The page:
Saturday, January 8, 2011

Lost Arts

Lost Art

From Wikipedia.org (No listing at Merriam-Webster):
Lost art are original pieces of art that credible sources indicate once existed but that cannot be accounted for.  Okay, not exactly what I was looking for, but it'll do.

Remember a few blogs back, I promised you that I would touch on this subject?  Well, I honestly didn’t truly remember to do it.  I found myself re-reading one of my entries, and there it was; my topic for a future blog.

Lost Art.  What exactly is a lost art?  Usually,  it's something that an individual misses or was something they used, but not anymore… through no fault of their own.  Most of the time, they are things that a person still uses, or does, but that fewer and fewer people rely on… or simply have forgotten about.
What do I consider to be “lost art?”  I already wrote about one;   Lost Art of Letter Writing  

My list of "lost arts" is not long, thank goodness.  A big  one on my list is cursive.  I mention this briefly in that letter-writing blog.   It truly is a lost art.


I can remember when I entered third grade.  It was an exciting time for me for many reasons, but when my teacher, Ms. Manz, told us that we would be learning cursive that year, I was thrilled!  Writing.  Like a grown-up!  I thought about my mom's script;  she was an artist and even her handwriting was beautiful.  So twisty and elegant.  Even my father had cool script.  Why?  Practice!  And then more practice.  They were graded not only for how well they grasped the concepts of math and reading comprehension, but on how neat their penmanship was.  Penmanship?  I bet you money kids today have never even heard of that word!  I betcha!

And so it began.  We started with A, B and C; we learned lowercase the first week, then the second week the same letters in capitals.  We were always excited to move onto the next set of letters.  It wasn't easy.  Some letters had complex shapes and connecting the letters, especially words with 'b' and 'o' were difficult.  And we too were told, 'practice, practice, practice!'  It paid off.  Learning cursive took all year.  I got an 'S' (satisfactory) for penmanship on my last quarterly report card.   Now that we knew the entire alphabet, in lower-case and in capital letters, we were no longer allowed to print unless we were told to do so, specifically.  For the rest of my academic career, everything I wrote was in cursive.  Fine with me;  I always thought it was quicker to write than to print, anyhow.  And so it was.  I wrote... in cursive... whenever I wrote anything.

Look at your child's homework.  Bet it's in print.  When Aaron, my oldest son,  entered third grade, I knew what was coming and was so excited for him.  I remembered back to my own anticipation of learning cursive;  one of the first indicators that meant you were indeed, not a little kid, anymore. I excitedly told Aaron that it was so much fun to learn and to do and that he'd be able to write like a grown-up!   And so it was.  He learned it; then never used it, again.  WHAT!?  "Well... my teacher said he wants us to print our homework..."  EH?  Say again? Okay... maybe it's just the specific teacher.  Maybe when Alex is in third grade, he will ... nope.  Same thing.  I was devastated.... and angry.  Why teach it, then?  None of their teachers required them to utilize their new skill.   Oh, and no...  kids are not graded for their penmanship, which  is a good thing, I guess.  They can't be graded on something they don't use.  That, my Darlings... is a Lost Art.  In the literal sense, too, because script can be so beautiful.  It is an art form, but like any medium, it must be practiced.  I'll ask my Sophomore son to write his name on his papers.  "I can't... my cursive is terrible."  Uh huh.  Wonder why?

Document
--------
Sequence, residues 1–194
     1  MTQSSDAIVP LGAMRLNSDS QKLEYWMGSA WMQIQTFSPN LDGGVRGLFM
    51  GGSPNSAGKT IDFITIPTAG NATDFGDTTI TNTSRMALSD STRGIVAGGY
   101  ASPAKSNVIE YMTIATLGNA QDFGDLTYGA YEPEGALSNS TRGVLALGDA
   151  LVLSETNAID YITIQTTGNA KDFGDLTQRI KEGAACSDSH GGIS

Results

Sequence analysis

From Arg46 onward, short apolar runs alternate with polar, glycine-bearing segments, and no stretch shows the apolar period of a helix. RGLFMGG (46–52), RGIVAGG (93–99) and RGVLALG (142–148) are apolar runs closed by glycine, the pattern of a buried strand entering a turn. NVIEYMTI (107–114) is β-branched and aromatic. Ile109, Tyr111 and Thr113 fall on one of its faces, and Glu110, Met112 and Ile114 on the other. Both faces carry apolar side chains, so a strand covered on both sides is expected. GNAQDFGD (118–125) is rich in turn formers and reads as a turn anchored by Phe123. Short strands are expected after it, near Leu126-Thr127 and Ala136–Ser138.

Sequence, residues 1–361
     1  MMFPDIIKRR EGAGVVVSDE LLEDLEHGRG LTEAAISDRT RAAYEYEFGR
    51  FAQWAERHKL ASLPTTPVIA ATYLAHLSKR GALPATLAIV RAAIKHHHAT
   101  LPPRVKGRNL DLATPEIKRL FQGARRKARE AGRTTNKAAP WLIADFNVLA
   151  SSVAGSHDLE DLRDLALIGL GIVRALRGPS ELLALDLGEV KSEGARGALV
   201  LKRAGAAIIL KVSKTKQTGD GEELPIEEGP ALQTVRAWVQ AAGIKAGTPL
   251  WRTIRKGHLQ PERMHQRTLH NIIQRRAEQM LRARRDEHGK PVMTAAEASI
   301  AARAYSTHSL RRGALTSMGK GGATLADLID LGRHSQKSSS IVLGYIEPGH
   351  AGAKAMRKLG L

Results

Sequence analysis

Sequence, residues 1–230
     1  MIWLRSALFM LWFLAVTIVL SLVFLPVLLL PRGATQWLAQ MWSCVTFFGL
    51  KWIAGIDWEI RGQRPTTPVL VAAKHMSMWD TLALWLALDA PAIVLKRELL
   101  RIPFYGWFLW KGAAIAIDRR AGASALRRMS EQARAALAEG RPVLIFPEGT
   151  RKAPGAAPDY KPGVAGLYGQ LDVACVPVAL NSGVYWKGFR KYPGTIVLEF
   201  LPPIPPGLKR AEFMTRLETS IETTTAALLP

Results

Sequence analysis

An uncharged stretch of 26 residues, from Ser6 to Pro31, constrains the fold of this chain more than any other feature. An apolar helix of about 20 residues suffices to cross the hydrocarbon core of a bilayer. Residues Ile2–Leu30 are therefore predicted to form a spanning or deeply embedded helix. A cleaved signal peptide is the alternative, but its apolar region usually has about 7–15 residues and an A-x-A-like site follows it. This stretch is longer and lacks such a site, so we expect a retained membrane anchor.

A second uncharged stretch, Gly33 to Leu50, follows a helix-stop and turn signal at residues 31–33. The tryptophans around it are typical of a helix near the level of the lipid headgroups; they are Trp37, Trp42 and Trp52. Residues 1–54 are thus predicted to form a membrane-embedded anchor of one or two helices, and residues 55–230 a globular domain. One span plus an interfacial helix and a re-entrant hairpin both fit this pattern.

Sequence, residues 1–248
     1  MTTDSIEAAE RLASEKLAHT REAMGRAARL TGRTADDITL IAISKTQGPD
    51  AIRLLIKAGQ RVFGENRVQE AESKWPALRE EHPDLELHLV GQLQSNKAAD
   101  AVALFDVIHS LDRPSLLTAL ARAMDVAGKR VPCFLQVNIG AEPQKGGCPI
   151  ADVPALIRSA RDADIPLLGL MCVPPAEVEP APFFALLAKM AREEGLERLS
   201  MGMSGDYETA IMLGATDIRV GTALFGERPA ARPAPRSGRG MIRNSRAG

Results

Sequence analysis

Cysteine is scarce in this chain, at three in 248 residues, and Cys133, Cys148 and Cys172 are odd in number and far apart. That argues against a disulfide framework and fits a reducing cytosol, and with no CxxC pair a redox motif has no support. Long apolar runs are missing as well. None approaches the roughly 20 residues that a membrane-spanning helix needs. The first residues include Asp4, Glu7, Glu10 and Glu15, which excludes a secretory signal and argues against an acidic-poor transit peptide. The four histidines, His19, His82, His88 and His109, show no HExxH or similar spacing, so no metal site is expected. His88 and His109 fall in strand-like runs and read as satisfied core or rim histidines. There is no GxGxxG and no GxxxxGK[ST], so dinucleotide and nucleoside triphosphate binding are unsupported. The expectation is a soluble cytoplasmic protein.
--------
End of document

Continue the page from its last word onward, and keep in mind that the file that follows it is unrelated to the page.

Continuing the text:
Wow.  I did ramble on, didn't I?  I only have two other LA complaints, but I've taken up enough of your time.  Pardon?  What are they?  Well, okay.  Since you've asked...

Manners.  Especially children with manners. A HUGE Lost Art. Okay, so my kids are not perfect, nor do I want them to be, but they do know 'Please' and 'Thank you.'  They do know to chew with their mouths closed, or that it's very rude to yell across the dinner table (we don't have a dining room table... still...).  They know better than to interrupt people involved in conversation.  Yes, their halo's are dented and even cracked, but  I can feel good about how they behave in public.

Good customer service.  Definitely a Lost Art.I think one has everything to do the other.  I'll save this topic for another day.  I thank you for reading.  And remember, the only time your pen should leave the paper is to cross your T's and X's, tail your Q'sand to dot your i's.
Peace.

2 comments:

  1. You're absolutely right, Maryfran! I guess it depends on where you live, though, as both of my kids (even autistic Lucas) had to learn cursive, and were graded on it! However, I DID have to tell Robert's principal that he would not be using the 4rd grade reading book chosen by the school, since there were poems unsuitable for children that age in it (I'll explain sometime...) Hey, MY kid, MY taxes, so I got to make those calls!

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  2. WHOA. Would love to hear about that book. Damn right, Cuz!

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